Professor Harry Wechsler

CS 750 Theory and Application of Data Mining (3)

A01 5/19 40482 MWF 3:45 p.m. – 6:50 p.m. SITE I 206

INFS 755 Data Warehousing and Mining (3)

A01 5/19 40483 MWF 3:45 p.m. – 6:50 p.m. SITE I 206

Students are expected to meet the prerequisites and their class

attendance vouches for this.

Office Hours

M-W-F 3:00 – 3:30 PM (SITE II - Rm. 461)


Introduction to Data Mining, Tan, Steinbach and Kumar,

Pearson / Addison Wesley, 2006

web site for textbook slides


Data Mining: Concepts and Techniques (2nd. edition), Han and Kamber, Elsevier, 2006

web site for textbook slides

WEKA web site for data mining software

UCI Machine Learning Repository Content Summary

Additional References

1. V. Cherkassky and F. Mulier, Learning from Data : Concepts, Theory, and Methods (2nd. Ed.), John Wiley, 2007.

2. T. Hastie, R. Tibshirani, and J. Friedman, The Elements of Statistical Learning: Data Mining, Inference, and Prediction, Springer, 2001.

Course Description

Concepts and techniques in data mining and multidisciplinary applications. Topics include databases and data warehousing, data cleaning and transformation;, concept description, association and correlation rules; data classification and predictive modeling; performance analysis and scalability, data mining in advanced database systems, including text, audio, and images; and emerging themes and trends. Term team project and topical review are required.


The explosive growth in generating, collecting and storing data has generated an urgent need for new techniques and automated tools that can intelligently assist in transforming the vast amounts of data into useful information and knowledge. Data mining is a multidisciplinary field, drawing from areas including AI, database technology, data visualization, information retrieval, high performance computing, machine learning, mathematical programming, neural networks, pattern recognition, statistical learning theory, and statistics. The course provides the graduate students the opportunity to learn about the management and use of large data repositories based upon a multidisciplinary approach.


The objective of this course is to introduce graduate students to data mining basics, current research, technological advances and trends in data mining. Data mining, which supports knowledge discovery in databases (KDD), helps with the automated extraction of patterns representing knowledge implicitly stored in large databases, data warehouses, and other massive information repositories. The course focuses on issues related to the feasibility, usefulness, efficiency, and scalability of automated techniques for the discovery of patterns hidden in large databases. Students will be exposed to the above topics via lectures and reading assignments, including recent journal and conference papers. Students are expected to complete a term project and to make an in depth presentation on a topic related to data mining. As data mining has matured, the field is now advancing on three new fronts: (i) ability to mine data in real time; (ii) predictive analysis rather than merely explaining past trends; and (iii) ability to analyze messy “unstructured” data.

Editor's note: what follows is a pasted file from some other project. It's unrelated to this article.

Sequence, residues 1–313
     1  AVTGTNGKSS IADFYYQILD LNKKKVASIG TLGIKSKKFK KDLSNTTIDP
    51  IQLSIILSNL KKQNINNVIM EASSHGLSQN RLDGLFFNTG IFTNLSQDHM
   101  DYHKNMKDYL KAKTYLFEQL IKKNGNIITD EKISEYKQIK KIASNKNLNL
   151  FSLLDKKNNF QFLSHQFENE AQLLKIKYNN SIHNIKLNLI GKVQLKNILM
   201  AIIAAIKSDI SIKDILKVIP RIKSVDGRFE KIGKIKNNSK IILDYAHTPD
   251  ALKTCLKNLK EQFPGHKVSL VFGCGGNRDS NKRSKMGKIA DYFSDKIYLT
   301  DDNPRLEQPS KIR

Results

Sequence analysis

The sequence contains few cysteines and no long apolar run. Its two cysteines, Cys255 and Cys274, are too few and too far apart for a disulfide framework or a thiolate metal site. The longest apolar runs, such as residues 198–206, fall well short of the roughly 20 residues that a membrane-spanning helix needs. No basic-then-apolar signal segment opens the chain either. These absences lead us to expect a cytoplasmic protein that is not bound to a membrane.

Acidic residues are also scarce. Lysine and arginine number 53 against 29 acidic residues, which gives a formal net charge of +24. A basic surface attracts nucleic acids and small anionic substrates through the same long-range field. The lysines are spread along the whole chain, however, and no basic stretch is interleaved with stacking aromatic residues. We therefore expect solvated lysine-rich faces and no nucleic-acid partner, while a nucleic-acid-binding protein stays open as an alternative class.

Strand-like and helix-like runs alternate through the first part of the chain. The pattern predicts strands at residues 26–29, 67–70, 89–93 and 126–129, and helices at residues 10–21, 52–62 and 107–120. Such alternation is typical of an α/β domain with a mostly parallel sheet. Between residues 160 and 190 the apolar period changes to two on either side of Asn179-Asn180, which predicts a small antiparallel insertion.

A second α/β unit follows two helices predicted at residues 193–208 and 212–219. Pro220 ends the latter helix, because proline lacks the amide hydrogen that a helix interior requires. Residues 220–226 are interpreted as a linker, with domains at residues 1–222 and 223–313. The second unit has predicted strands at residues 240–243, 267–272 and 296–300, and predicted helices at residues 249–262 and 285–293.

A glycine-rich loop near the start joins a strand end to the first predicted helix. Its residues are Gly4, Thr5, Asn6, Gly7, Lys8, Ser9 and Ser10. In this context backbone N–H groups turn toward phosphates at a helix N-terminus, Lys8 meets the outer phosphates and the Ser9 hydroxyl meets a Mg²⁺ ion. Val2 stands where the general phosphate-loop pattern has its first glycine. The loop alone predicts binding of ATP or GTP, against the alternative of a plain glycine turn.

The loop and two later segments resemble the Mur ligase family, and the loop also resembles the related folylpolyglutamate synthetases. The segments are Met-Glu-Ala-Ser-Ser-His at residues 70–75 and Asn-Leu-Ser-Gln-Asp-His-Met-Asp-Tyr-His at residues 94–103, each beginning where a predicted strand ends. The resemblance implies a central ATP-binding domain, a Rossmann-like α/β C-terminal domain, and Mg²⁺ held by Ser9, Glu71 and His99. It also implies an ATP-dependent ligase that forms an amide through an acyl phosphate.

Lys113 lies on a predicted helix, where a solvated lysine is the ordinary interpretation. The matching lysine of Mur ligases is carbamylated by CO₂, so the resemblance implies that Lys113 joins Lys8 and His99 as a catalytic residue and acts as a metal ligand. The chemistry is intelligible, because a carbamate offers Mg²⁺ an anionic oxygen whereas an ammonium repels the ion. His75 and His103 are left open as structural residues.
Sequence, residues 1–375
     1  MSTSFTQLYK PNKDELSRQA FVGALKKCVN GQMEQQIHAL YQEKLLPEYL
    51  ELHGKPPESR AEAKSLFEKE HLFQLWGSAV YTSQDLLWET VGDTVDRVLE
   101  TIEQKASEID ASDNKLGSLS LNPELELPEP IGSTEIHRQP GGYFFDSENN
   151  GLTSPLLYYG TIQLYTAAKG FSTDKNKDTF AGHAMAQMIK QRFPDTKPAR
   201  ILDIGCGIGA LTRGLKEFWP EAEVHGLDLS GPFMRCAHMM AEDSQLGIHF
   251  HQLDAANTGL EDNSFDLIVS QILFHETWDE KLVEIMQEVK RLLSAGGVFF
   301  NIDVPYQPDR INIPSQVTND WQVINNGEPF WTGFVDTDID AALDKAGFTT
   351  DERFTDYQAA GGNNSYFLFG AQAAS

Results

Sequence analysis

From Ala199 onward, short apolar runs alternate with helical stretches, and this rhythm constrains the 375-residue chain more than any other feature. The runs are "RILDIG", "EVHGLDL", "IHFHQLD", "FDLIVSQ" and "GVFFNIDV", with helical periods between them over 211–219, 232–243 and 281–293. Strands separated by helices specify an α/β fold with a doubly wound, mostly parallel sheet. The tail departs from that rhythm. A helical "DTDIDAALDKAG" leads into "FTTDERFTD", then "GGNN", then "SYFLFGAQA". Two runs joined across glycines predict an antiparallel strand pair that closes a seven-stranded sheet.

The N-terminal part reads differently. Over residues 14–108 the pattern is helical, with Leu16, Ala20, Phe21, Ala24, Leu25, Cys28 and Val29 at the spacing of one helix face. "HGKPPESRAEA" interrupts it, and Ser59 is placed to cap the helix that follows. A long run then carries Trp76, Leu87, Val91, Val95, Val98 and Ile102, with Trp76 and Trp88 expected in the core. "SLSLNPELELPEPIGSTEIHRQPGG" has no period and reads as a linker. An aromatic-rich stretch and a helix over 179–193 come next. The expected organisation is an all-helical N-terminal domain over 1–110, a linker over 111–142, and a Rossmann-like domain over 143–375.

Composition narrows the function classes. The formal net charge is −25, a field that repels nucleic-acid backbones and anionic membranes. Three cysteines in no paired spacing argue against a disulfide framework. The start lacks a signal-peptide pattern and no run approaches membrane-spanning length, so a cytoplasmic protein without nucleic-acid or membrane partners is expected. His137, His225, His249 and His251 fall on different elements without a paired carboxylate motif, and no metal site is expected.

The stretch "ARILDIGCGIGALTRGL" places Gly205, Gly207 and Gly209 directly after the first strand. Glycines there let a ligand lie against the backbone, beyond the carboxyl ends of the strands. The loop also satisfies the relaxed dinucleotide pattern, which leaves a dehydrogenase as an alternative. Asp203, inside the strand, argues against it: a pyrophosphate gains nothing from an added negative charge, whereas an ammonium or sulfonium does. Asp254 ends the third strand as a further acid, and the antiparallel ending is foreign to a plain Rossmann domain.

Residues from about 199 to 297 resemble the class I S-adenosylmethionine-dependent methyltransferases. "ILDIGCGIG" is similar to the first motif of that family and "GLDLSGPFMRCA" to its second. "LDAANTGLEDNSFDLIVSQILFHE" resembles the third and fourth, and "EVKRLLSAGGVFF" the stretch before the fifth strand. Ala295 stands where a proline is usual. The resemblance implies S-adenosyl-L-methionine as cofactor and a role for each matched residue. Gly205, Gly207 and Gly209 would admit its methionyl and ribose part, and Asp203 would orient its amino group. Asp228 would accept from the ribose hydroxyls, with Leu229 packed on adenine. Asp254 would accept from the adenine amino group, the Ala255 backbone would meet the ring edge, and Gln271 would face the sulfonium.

Follow – Up Studies with Professor Wechsler :

CS 668 -- Pattern Recognition (Fall 08)

CS 667 / 778 – Biometrics


PhD dissertation


3 (one hour) quizzes x 10% each (5/23 & 6/2 & 6/13) 30%

MIDTERM – June 6 30 %

Case Study 10%

FINAL -- (Team) Term Project 30 %

Term Project

Students are working in teams on the term project. Scope and range for the project has to be agreed with the instructor. Task involves meaningful functionality and significant amounts of data. Project includes the following STEPS:

1. Problem definition, requirements analysis and conceptual design. 2. Data selection / sampling // visualization // 3. Data cleaning and integration // visualization // 4. Preprocessing: Data transformation / Data Reduction // visualization // 5. Data Mining // visualization // 6. Modeling, testing & evaluation, performance assessment // visualization // 7. Knowledge discovery // visualization //

Use domain knowledge and visualization for all the steps.

Iteratively refine the quality and scope of your project

Reviews and class presentations are conducted stepwise throughout the course. First a draft for each step is expected the lecture the STEP is listed in the tentative schedule listed below. Based upon feedback received in class the same step is completed and presented again the following lecture.

Project Presentation (SLIDES) (about 45 minutes)

1. Survey / Literature Review of (a) application and (b) task / functionality, model selection (“training strategy”) and data mining (STEP 5).

2. Brief Description of STEPS 1 – 7.

3. Performance Evaluation and Assessment of your project.

Final Project Report (HARD COPY) (at most 10 pages)

Submit Technical Report (TR) that covers your Final Project Presentation.

Tentative Schedule

May 19

Ch. 1: Introduction – Data Warehouses, Databases, Data Mining and Knowledge Discovery, and the Semantic Web (

- Appendix C – Probability and Statistics -

May 21

Ch. 2: Data STEP 1

- Appendix A – Linear Algebra -

May 23

Ch. 3: Exploring Data

- Appendix E – Optimization -


May 26

Memorial Day – no class

May 28

Data reduction & transformation - Step 2& 3

Performance Evaluation

Appendix B – Dimensionality Reduction

May 30

Ch. 4: Classification – Basics (Part I)

Appendix D – Regression

June 2

Ch. 6: Associations – Basics (Part I) - Step 4


June 4

Chap. 8: Clustering – Basics (Part I)

REVIEW for Mid – Term

June 6

Mid – Term

Closed books and notes

bring blue book and calculator

June 9 – 11 – 13

Chaps. 4/5, 6/7, 8/9

- Advanced Topics –

Classification – Association – Clustering

Model Selection

Ch. 10 – Anomaly Detection


STEP 5 – June 9

STEPS 6 – 7 – June 11

Quiz#3 (June 13)

June 16


June 18